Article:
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Homes: Cashing out might freeze you out
Is it ever a good idea to try to time the real estate market?
August 2, 2005: 8:20 AM EDT
By Les Christie, CNN/Money staff writer

NEW YORK(CNN/Money) - In the minds of many Americans, the parallels between the present housing-price boom and the tech-stock market of the late 1990s are striking.

The more home values leap -- like tech stock prices during their run -- the more the term, "bubble," is thrown around.

And many homeowners wonder whether the market is peaking and ponder how to take advantage of that. They're turning their home equity into real money by taking cash out during refinancing, taking on second mortgages, and arranging for home equity loans.

The biggest gamblers are even attempting an extremely tricky maneuver, according to Christian Coleman, district director for Zip Realty, a publicly traded real estate broker with offices in 10 states.

They're selling their houses with the intention of buying back into the market at a lower price in a couple of years or so -- after the bubble bursts, they believe.

The advice from the real estate industry pros is: Resist this temptation. It's almost impossible to time this market.

Bucking the market in San Diego

"I had clients in San Diego two years ago who knew emphatically that we'd reached the top of the market," remembers Coleman. "They said, 'we'll sell our home and rent, and then buy back into the market after prices drop.'"

But instead of crashing, median home prices in San Diego continued to climb, nearly 21 percent for the 12 months ended March 31 2005.

The couple got $850,000 for their house. Now, it's worth $1.2 million. They can't afford to buy back in.

It's not just about the money, according to Pamela Liebman, CEO of the Corcoron Group, a real estate brokerage with offices in New York City, Florida, and Long Island.

"To make a decision on your home on a purely financial basis makes no sense," argues Liebman. "Will your kids have to change schools? Will your rental have enough room for all your things?"

Flatter prices but no downturn

Anyone even considering it should take heed that many experts predict that the strength of the housing market will continue for the near term.

The latest forecast from chief economist Doug Duncan of the Mortgage Bankers Association, for example, is that the price of a median house will rise a total of 6.8 percent in 2005 and between 4 and 5 percent in each of the two following years.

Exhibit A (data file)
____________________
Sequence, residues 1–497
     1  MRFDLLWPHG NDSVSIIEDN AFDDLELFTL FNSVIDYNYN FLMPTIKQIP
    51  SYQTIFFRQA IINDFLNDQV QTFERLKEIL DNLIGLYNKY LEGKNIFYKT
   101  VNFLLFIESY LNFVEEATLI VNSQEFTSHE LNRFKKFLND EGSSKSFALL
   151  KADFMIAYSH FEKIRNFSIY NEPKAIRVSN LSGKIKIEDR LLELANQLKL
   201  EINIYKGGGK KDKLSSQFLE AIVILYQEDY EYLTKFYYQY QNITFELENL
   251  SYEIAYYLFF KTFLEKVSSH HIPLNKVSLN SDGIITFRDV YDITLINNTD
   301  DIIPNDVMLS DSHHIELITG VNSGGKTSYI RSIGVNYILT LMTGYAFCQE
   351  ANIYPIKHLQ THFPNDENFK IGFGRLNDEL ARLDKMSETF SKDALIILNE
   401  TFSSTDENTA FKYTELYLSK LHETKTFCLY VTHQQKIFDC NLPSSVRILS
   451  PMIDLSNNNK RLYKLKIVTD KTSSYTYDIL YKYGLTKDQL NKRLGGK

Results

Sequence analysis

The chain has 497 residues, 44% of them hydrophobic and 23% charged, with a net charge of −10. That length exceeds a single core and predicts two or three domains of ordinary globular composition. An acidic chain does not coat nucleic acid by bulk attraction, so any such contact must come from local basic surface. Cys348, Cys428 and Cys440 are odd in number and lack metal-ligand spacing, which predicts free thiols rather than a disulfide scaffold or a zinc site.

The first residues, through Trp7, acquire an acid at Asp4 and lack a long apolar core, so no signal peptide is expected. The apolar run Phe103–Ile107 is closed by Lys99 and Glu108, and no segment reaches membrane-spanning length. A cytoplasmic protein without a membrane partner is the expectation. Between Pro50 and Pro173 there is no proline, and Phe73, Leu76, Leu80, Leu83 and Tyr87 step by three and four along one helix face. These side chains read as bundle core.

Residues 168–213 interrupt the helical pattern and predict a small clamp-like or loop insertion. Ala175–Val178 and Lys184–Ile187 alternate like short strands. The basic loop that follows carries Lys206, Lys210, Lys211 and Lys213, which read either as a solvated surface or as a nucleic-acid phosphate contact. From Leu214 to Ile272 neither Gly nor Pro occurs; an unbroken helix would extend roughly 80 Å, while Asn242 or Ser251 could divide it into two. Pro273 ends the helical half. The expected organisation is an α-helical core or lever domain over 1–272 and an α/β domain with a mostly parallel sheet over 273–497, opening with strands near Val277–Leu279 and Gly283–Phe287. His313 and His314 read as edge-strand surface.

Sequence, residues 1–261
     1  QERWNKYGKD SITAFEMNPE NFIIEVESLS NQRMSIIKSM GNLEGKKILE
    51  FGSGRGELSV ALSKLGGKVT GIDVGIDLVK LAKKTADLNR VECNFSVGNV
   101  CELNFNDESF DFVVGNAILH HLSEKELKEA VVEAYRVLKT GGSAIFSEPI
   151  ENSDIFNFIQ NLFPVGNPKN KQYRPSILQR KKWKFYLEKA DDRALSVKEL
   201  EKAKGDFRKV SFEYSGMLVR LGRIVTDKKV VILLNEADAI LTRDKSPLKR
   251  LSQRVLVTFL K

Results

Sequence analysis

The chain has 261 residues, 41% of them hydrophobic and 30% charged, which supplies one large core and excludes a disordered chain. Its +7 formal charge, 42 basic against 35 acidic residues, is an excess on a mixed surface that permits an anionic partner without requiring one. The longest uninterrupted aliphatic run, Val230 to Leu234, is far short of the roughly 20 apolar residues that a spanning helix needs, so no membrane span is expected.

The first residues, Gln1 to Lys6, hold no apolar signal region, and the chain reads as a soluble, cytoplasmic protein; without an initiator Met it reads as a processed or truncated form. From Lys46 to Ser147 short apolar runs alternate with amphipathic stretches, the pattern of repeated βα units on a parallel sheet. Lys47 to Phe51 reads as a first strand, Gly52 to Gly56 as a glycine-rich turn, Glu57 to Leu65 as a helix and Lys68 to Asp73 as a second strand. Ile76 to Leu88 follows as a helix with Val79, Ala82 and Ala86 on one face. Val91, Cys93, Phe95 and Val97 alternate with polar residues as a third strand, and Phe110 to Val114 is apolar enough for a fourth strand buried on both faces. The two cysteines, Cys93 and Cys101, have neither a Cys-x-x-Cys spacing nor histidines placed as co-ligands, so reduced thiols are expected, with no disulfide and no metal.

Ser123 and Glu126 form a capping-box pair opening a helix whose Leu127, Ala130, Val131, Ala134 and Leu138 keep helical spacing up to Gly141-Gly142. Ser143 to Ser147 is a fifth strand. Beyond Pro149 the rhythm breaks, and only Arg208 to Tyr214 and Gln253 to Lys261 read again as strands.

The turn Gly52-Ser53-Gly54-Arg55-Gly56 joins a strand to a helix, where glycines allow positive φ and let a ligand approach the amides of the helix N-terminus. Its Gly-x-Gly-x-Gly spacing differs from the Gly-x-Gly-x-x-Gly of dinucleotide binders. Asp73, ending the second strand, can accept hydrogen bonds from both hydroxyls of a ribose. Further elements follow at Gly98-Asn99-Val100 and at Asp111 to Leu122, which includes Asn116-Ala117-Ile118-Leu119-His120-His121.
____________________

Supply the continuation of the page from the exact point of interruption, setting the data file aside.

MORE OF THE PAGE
Remember, too, that there are big hurdles to overcome before accruing any profits on a cash-out-and-buy-back deal.

Unlike stocks, which are cheap to trade, there are high costs involved with buying and selling houses. You have to deduct real estate commissions, attorney's fees, moving expenses, rent, closing fees, and other expenses before you can even start to make money.

The market would have to drop a good 10 percent for you just to break even.

That's not even taking into consideration the tax implications. As housing prices have soared to seven figures and more in many housing markets, it has pushed more homeowners up into the price levels where they would have to pay capital gains taxes when they sell.

The first $500,000 of profits ($250,000 for a single person) are exempt from this tax if they've lived in the house for at least two out of the last five years. Most others will pay 15 percent on any profits above that.

High risk, low reward

Drops of more than 20 percent in local real estate prices have never been common and the worst falloffs are almost always related to reversals in the economic fortunes of an area.

Coleman says, for instance, that after the 1990s hot real estate market in Seattle ended with the tech meltdown, housing prices did not crash.

"They just flattened out," he says.

Most of the places that have experienced frothy prices have limited room for further housing construction, increasing the demand for existing homes.

In Manhattan, the saying is, "They're not making any new land," but that's also true for a place like San Diego, which, as Coleman points out, is hemmed in by Mexico on the south, the Pacific on the west, the desert and mountains on the east, and Camp Pendleton on the north.

Who should cash out?

Is cashing out ever a good idea?

Only if you're planning a move or a change in lifestyle, according to Coleman. Empty nesters and retirees can downsize or move from high-priced markets to lower-priced ones and pocket the difference in price.

Workers being transferred out of high-priced areas can also benefit. Of course it works against those going from low-priced markets to high. Tech engineers and managers being transferred from Texas to Washington and California in the 1990s found that out

"They'd have these 6,000 square-foot houses on an acre of ground in Texas that they would sell for $500,000," says Coleman. "They could only afford a 2,000 square-foot home on a small lot in Seattle for that money."

"I wouldn't advise anyone to cash out," he says. "Real estate is for the long haul. Over a 25 to 30 year period, it has never gone down."

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